Disconnecting to Connect

How will I survive a weeklong of quietness and stillness? This was a question I posed myself when I signed up for the seniors’ silent retreat. For a person as loquacious and as hyperactive as I am, I couldn’t place myself in a situation where I won’t be moving too much or completely talking for one whole week.

With Mikee’s (my college bestfriend) persistence I decided to join the seven day silent retreat. My original plan was only three days but she insisted that we take the one week package instead. With the tenacity of my friends from the campus ministry office as well, I decided to give in. Besides, I thought it won’t bite to challenge myself.

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DRAW3

I was using Joyce Rupp’s poem for meditation when a butterfly landed on me. I know it’s not a beautiful drawing but I tried. 🙂

March 10-16, 2014

I was in a state of excitement and nervousness as we travelled to our destination. We left the city at six in the morning for another city where the retreat house was located. Although it was an eight hour drive, Mikee and I (being seatmates in the bus) opted to lessen our story sharing session. We actually slept most of the ride.

It was around 2:30 in the afternoon when we arrived in the retreat house which is owned and run by the St. Paul sisters. Our school’s retreat house in the same area couldn’t accommodate the 80 students so we were divided into two groups— half lodged in the Society’s retreat house while the other half (my group) stayed in the nuns’ retreat place.

After gathering our luggage in the lobby we were called in the conference room. Sir Cholo (our campus minister) proceeded to the first business of that afternoon— the collection of gadgets. We were given each a zip lock where we put all our phones, digital cameras, ipod, ipad and other gizmos that might cause distraction during the retreat. We weren’t allowed books, magazines and other reading materials except for the Bible. In short, we disconnected ourselves to the world in the duration of our stay.

Silence didn’t start until we got settled in our rooms and finished mass at six in the evening. Entering the silence didn’t simply mean shutting up and disengaging oneself to the external noise of the universe outside. Total detachment was required; hence, we had to cut off our communication even to those in the retreat. Yes, eye contact must be avoided while slowing down was highly encouraged.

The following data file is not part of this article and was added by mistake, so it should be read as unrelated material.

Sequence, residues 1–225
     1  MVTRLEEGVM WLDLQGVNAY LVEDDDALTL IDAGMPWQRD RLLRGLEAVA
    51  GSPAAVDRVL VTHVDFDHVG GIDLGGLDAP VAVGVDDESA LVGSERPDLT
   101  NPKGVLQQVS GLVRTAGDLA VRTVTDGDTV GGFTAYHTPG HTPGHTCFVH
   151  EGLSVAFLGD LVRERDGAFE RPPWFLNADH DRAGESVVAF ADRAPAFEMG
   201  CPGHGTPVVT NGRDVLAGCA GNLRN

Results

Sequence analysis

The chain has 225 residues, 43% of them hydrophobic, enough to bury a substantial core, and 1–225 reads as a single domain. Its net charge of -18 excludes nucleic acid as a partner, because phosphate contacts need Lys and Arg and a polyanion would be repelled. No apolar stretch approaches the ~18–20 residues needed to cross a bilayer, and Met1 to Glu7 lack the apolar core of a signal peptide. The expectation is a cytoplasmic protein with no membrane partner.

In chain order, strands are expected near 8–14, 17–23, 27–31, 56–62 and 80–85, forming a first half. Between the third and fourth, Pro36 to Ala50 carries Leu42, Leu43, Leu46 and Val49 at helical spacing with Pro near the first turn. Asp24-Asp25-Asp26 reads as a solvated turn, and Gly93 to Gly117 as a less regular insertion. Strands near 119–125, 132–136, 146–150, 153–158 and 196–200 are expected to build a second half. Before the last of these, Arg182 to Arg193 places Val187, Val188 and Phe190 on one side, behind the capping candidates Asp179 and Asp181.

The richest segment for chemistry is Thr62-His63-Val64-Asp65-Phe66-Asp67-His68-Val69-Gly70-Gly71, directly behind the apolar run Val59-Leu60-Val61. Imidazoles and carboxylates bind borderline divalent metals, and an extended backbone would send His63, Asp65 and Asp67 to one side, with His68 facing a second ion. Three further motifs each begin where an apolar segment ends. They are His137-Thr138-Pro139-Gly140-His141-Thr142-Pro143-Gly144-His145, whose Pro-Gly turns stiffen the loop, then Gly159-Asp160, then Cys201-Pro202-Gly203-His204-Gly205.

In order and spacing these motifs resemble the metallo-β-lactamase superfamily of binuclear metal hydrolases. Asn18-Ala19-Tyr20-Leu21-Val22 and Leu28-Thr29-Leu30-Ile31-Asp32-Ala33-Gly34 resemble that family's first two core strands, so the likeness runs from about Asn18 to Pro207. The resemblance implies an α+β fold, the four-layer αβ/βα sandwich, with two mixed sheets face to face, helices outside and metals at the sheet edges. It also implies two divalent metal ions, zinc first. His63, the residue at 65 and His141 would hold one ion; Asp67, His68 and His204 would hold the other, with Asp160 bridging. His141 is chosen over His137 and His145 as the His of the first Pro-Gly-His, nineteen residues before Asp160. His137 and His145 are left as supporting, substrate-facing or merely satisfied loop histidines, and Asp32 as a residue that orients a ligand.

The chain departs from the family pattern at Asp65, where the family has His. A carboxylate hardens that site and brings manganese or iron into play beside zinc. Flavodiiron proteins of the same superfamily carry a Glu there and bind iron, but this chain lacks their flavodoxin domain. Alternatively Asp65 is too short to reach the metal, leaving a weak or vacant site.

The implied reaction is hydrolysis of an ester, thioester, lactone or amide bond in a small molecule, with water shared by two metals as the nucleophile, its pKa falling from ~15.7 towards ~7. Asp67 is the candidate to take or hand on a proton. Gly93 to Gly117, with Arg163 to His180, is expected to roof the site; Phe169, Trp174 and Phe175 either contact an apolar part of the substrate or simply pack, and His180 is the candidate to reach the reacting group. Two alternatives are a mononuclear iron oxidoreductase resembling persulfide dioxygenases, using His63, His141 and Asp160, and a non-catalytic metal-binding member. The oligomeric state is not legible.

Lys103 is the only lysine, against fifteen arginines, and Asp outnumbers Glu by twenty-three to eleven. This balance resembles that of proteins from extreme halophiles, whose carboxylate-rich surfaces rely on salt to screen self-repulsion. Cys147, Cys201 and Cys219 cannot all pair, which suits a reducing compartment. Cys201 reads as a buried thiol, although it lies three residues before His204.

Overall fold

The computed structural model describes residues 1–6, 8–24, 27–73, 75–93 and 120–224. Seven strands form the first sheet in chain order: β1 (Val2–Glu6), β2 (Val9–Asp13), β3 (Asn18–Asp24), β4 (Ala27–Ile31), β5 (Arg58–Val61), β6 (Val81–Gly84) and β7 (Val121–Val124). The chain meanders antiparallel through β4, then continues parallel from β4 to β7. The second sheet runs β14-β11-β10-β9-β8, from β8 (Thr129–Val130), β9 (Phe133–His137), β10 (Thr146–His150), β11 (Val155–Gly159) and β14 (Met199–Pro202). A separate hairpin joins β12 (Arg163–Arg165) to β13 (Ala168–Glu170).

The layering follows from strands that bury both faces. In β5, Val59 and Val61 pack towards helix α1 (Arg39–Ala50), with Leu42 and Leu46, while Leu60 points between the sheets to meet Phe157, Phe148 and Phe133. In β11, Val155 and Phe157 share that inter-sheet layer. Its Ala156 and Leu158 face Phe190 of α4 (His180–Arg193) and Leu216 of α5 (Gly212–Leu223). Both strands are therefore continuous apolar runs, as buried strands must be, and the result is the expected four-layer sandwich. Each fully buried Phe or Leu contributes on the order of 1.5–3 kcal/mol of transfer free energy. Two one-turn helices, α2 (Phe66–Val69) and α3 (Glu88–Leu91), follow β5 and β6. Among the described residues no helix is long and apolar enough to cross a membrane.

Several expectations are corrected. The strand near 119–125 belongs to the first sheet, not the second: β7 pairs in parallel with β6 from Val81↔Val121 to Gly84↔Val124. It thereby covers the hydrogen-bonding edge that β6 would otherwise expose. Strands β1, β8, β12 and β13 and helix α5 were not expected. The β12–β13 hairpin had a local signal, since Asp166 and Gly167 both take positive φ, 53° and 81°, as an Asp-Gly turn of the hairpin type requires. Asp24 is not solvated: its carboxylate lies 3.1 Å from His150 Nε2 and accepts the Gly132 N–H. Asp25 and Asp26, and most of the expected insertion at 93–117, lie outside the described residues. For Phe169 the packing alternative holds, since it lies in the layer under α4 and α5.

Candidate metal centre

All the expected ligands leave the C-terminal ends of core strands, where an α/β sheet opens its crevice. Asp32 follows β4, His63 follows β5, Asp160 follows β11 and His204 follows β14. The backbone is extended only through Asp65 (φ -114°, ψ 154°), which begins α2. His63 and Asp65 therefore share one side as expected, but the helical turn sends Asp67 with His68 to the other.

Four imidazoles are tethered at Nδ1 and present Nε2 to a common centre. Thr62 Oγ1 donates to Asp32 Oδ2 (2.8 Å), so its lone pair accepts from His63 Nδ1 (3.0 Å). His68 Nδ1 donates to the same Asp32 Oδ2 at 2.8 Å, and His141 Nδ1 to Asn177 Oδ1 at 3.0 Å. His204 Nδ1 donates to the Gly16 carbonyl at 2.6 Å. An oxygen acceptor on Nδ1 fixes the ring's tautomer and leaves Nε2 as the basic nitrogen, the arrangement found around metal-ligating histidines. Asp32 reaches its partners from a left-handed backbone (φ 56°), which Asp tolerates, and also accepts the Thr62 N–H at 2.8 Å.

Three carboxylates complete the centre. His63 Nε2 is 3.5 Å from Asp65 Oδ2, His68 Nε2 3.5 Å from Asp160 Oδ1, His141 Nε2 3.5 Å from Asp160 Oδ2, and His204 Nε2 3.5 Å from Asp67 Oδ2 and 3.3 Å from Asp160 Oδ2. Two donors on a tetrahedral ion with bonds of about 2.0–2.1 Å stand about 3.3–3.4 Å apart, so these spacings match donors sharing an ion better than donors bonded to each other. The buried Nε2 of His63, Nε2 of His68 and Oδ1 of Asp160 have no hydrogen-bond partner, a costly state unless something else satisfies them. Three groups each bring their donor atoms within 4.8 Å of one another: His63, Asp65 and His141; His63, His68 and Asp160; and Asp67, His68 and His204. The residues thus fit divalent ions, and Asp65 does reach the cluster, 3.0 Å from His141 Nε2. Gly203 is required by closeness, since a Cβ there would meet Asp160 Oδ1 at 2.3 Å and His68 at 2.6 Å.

Thus, during meal times I would sit as far away as I could from Mikee and the other people I know of. I was pretty certain that if I happened to be seated side by side or facing someone I am friends with, I would not be able to avert politely gazing and smiling at that person. Even in the conferences I picked the seat farthest from my friends. [Mac who is also a friend of mine, however, occupied the chair in front of me which also became his permanent seat like me. So we were actually seatmates for seven days.]

The retreat did me good. It actually reset my body clock which had been altered due to school work. The bell would ring at 6:30AM which was our waking hour. Then it would be sounded again at 7:00 for breakfast which will be followed by the 8:30 ring for conference. At 10AM we would eat our morning snack to be followed by the 12noon lunch. Another conference happened every 2:30 in the afternoon while the afternoon snacks were served at 4:00PM. By 6:00PM we would assemble in the chapel for the mass to be followed by dinner at 7:00PM. After that, exposition commences at 7:45PM and ends an hour later. Although there was no defined lights off I hit the sack at 10PM. [So, this was the daily schedule that we followed].

Not only did the retreat fix my ‘broken body clock’ it also restored the rhythm I somehow lost. We were urged to passively do everything which implied slowing down our walking, our movements, and our eating. I actually had no problem with the eating part because I am a tortoise when it comes to that. I learned to do everything fast when I entered college to compromise with the very limited time. But I never adjusted my pace when it comes to showering and eating— I revel in them.